7. Don’t contact journalists just before deadline day when they’re busiest. Instead, try contacting them immediately afterwards (when they’ve got lots of space to fill)
  8. Build relationships with journalists so they recognise you as an industry expert
  9. Note there is no guarantee your press release will be used
  10. Send your release in the body of an email, not as an attachment

Download my free PR template

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Wordy webby wisdom!

When working out what keywords to include in your web copy, use the words that your customers will search. Plain English rules! For example, the Government soon realised people don’t search ‘road excise duty’, they search ‘tax disc’ ‘car tax’ or ‘road tax’.

Put yourself in your customers’ shoes. People might search ‘Buy pink skirt’, so don’t write ‘We sell pink skirts’ from your own point of view. Change it around to: ‘We’re the best place to shop if you want to buy a pink skirt’.

Even better, add handy hints e.g. ‘See our FAQs page for advice and ideas about buying pink skirts’, or ‘How to look after your pink skirt’.

Testimonials are another good opportunity to include keywords seamlessly e.g. ‘I wanted to buy a pink skirt and found the perfect one at PinkSkirtsRUs!’ You can add a heading ‘Buying the perfect pink skirt’ before the testimonial, and a postcode or town afterwards, to make it geographically specific.

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Getting found on Google

People search the Internet for two main things: entertainment and information. And if you’re selling online, you want to be found. But how?

One useful resource is Wordtracker. Simply type in a keyword or phrase relating to your business and click the Search button. You will see related questions and find out how frequently they are being asked online. You can then ensure your web copy answers those questions so all those searchers find you! As an experienced web copywriter, of course I can help with that (nudge, nudge, wink, wink).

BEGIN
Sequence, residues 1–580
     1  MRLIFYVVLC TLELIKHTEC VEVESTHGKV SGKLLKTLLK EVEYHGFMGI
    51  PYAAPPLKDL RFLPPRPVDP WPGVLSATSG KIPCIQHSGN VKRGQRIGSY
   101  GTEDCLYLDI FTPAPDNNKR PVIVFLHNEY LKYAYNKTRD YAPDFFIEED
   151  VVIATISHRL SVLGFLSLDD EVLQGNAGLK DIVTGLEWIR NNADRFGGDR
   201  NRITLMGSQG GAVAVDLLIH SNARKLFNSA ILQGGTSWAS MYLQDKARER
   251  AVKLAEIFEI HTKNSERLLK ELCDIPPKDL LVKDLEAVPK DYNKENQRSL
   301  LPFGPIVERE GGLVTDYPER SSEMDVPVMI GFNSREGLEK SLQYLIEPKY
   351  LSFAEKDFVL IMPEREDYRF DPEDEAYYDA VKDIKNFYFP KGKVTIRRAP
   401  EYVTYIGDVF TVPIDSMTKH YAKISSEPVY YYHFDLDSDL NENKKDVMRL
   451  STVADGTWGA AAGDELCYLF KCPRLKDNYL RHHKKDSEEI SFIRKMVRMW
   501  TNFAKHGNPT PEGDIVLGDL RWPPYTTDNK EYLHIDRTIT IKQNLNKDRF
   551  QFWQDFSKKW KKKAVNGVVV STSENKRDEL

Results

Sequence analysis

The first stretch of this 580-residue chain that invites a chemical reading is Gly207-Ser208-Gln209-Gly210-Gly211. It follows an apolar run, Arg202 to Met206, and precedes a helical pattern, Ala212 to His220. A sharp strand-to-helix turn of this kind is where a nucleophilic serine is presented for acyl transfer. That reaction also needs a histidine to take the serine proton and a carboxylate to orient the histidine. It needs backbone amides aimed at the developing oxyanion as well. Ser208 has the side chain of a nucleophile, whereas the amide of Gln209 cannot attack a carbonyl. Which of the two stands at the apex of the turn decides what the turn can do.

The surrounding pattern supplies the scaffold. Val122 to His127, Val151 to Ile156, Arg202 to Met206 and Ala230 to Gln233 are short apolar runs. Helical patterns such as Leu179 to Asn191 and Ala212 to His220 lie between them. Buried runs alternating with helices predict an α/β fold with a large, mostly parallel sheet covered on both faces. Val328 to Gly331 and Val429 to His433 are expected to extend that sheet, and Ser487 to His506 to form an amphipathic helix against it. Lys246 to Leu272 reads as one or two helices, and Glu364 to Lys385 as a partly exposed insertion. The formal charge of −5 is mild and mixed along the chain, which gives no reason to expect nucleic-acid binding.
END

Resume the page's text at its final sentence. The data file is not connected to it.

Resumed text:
“Just read your article regarding keywords on websites.  While keywords do have a minimal effect, Google admitted that they do not use the Keyword Meta Tag some time ago and there is a whole range of other reasons why search engine optimisation works on site. The main ones are that the Page Title (meta tag) and the (story title) contain the same words. Search engines only read the first 225 characters of a description tag for a page, which means the sentence chosen to best describe the content of a page is used within the description meta-tag. There are also other items to take into account like how popular the page is, links in from other websites and how quickly the page loads.”

Paul Collins

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Websites that work for search engines AND human beings

You don’t have to get all your keywords into the home page repeatedly. You can optimise the home page for one (or two) keywords/phrases, and optimise other pages for other keywords.

Keywords can be in headings, sub-headings, picture captions and links as well as in body copy. Part of the skill in copywriting is to weave keywords in seamlessly so they are picked up by search engines without being clumsy and repetitive for human beings. The real measure of success is how many people pick up the phone to call you, not where you are on Google.

Readers don’t care who you are until they know what you can do for them.